Thu, Oct 20, 2022 1:30 PM
By Mary Stroka, The Center Square
Minnesota’s employers are roughly average compared to other states in their hiring challenges, according to a new report released by the personal finance website WalletHub.
Yet, the North Star state ranked at least seven positions above each of its neighbors. Minnesota ranked 26th. South Dakota ranked 33rd, Iowa ranked 37th, North Dakota ranked 40th, and Wisconsin ranked 42nd.
The report rated states based on the rate of job openings both in the latest month and the last 12 months to determine percentages of job openings. The latest month metric received double weight.
The North Star State’s job openings rate in the latest month reported was 6.20%. In the past year, the rate has been 7.24%. Wisconsin’s rates were 5.40% for the past month and 7.05% for the past year.
Alaska’s employers are struggling most in hiring, the report said. Its latest month reported job openings rate is nearly double Minnesota’s, at 11.90%. Alaska’a past year rate is 9.78%. In New York, employers have struggled least, the report said. The past-month job openings rate is 5% while the past-year rate is 5.78%.
The states struggling the most to find employees are Alaska, Wyoming, Montana, Kentucky and West Virginia. Those struggling the least include New York, the District of Columbia, Washington, Kansas and Michigan.
University of Minnesota Carlson School of Management Associate Professor Alan Benson was on WalletHub’s panel of experts who weighed in on the findings.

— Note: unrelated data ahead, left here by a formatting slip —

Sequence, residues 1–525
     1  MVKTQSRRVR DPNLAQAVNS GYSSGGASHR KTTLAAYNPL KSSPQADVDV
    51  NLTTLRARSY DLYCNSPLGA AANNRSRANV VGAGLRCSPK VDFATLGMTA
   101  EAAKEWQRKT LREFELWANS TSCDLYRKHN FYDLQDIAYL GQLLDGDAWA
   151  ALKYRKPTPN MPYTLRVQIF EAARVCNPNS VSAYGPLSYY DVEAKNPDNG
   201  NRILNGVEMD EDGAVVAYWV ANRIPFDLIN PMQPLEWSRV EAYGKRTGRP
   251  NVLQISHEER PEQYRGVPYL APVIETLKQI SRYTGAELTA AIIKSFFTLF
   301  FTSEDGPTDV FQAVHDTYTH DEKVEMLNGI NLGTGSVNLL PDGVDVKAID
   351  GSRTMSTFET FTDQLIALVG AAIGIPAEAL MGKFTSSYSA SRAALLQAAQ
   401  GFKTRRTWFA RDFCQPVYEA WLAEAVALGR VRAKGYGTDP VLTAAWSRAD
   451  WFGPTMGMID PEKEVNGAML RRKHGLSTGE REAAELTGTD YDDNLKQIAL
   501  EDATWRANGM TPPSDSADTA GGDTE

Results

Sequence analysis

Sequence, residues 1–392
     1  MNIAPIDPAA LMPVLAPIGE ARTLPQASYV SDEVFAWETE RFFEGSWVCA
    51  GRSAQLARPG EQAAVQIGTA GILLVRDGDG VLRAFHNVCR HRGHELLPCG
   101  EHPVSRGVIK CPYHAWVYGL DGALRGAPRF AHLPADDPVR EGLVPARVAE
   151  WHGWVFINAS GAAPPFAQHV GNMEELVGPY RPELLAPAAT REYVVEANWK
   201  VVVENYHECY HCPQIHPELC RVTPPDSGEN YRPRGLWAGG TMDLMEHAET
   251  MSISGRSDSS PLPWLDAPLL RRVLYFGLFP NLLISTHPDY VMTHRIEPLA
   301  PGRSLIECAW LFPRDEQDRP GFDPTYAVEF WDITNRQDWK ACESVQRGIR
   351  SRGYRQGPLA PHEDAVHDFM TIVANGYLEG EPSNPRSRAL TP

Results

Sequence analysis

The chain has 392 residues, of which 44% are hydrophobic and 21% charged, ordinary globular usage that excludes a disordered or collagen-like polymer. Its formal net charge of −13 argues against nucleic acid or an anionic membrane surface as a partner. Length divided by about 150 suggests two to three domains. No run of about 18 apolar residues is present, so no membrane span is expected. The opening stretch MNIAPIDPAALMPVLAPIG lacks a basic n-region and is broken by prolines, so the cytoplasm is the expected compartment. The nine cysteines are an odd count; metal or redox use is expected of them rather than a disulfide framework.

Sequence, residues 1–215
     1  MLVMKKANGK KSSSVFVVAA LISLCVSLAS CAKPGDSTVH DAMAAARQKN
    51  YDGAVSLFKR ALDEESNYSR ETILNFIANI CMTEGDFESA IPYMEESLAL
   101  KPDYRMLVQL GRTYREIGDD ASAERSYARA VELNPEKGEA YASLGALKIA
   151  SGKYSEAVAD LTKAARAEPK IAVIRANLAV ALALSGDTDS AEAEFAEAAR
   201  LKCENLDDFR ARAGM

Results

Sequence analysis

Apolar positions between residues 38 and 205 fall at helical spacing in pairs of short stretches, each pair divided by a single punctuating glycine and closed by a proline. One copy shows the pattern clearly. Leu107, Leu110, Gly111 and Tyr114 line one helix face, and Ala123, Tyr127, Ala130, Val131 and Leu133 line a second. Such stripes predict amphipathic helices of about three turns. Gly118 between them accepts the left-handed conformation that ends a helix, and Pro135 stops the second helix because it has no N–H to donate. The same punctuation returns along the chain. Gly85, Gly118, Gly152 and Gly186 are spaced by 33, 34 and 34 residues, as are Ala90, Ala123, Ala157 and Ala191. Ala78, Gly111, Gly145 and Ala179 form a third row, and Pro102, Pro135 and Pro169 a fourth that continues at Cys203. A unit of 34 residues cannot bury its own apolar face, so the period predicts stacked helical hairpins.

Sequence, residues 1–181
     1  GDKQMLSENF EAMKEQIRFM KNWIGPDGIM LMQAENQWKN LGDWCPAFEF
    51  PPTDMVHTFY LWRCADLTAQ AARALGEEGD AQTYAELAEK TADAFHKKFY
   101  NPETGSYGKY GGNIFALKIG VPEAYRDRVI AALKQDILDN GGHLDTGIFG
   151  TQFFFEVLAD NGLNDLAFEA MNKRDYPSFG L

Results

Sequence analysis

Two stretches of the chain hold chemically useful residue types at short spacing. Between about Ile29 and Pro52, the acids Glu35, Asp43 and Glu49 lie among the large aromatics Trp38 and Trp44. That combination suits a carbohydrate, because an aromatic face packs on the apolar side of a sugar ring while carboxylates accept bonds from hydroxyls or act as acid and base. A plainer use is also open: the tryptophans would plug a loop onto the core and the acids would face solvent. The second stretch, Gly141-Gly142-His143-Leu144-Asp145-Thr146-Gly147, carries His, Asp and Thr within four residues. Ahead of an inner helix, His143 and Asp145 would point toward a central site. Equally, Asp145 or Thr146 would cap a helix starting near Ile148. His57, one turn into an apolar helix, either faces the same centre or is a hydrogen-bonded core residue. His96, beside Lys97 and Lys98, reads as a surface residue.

Benson said the current labor market is particularly challenging because employers’ needs are quickly evolving so it’s hard to find candidates with the right skillset.
He said turnover factors include workers determining they’ll get higher wages through a job change, amid very low unemployment rates and rising inflation.
“Moreover, some of the norms around work are also evolving, and workers may find they disagree with the paths their long-term employers are taking,” he said.
Low unemployment rates, rising wages and turnover, and stagnating labor force participation could hold back productivity in the short-term, he said.
“In the long term, a greater reshuffling of the labor market could lead to better-matched workers, and workers who are better-sorted among employers differentiated by their work models, but the transition could be painful,” he said.
Employers should be very clear about the kind of person they want to attract and retain, he said. Employers should determine how their demands are distinct from their labor market competitors and offer pay and work experience that fits their ideal hire, he said.
“Employers will sometimes take too narrow a view – for instance, the desire to hire the best person cheaply does not leave much room for strategy,” he said.
For example, if an employer decides they can offer a high degree of autonomy and work-life flexibility, they can tailor their pay, work flow and culture around that amenity, he said.
Benson said that while it’s hard to determine how long labor market trends will continue, the lower labor force participation rate may signal a tight labor market for at least the rest of the year even though some businesses may limit hiring.
“There is just enormous economic uncertainty,” he said.